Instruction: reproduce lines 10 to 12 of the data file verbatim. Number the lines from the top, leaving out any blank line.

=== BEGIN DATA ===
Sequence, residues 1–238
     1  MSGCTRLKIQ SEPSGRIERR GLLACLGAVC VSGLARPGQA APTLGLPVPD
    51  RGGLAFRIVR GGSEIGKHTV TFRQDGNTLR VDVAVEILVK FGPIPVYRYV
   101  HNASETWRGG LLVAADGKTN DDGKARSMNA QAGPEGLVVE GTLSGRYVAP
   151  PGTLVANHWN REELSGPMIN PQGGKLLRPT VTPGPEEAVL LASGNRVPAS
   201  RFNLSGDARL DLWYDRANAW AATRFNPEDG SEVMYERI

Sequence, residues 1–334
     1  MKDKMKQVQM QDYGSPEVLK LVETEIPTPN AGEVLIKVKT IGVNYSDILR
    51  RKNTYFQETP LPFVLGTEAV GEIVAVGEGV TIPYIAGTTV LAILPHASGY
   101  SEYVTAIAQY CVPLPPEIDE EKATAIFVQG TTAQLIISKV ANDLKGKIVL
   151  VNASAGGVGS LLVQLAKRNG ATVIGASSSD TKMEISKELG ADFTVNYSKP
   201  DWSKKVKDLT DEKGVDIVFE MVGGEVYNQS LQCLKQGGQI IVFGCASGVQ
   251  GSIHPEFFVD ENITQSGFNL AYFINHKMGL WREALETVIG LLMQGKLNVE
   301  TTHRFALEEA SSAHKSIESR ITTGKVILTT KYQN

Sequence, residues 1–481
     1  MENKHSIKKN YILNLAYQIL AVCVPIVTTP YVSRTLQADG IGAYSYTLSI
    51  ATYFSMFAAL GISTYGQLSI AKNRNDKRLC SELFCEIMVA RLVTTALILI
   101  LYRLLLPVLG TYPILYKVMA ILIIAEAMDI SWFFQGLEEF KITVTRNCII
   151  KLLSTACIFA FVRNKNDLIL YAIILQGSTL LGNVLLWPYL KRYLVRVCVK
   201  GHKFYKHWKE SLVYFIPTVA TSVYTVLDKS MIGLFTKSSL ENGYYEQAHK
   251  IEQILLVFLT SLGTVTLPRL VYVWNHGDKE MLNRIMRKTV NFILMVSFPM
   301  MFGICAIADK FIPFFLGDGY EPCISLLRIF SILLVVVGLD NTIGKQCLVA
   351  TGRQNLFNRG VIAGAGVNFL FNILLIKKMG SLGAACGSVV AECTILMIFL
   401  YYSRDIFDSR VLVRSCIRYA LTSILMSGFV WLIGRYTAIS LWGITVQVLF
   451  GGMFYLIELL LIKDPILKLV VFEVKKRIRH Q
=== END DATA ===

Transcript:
   101  SEYVTAIAQY CVPLPPEIDE EKATAIFVQG TTAQLIISKV ANDLKGKIVL
   151  VNASAGGVGS LLVQLAKRNG ATVIGASSSD TKMEISKELG ADFTVNYSKP
   201  DWSKKVKDLT DEKGVDIVFE MVGGEVYNQS LQCLKQGGQI IVFGCASGVQ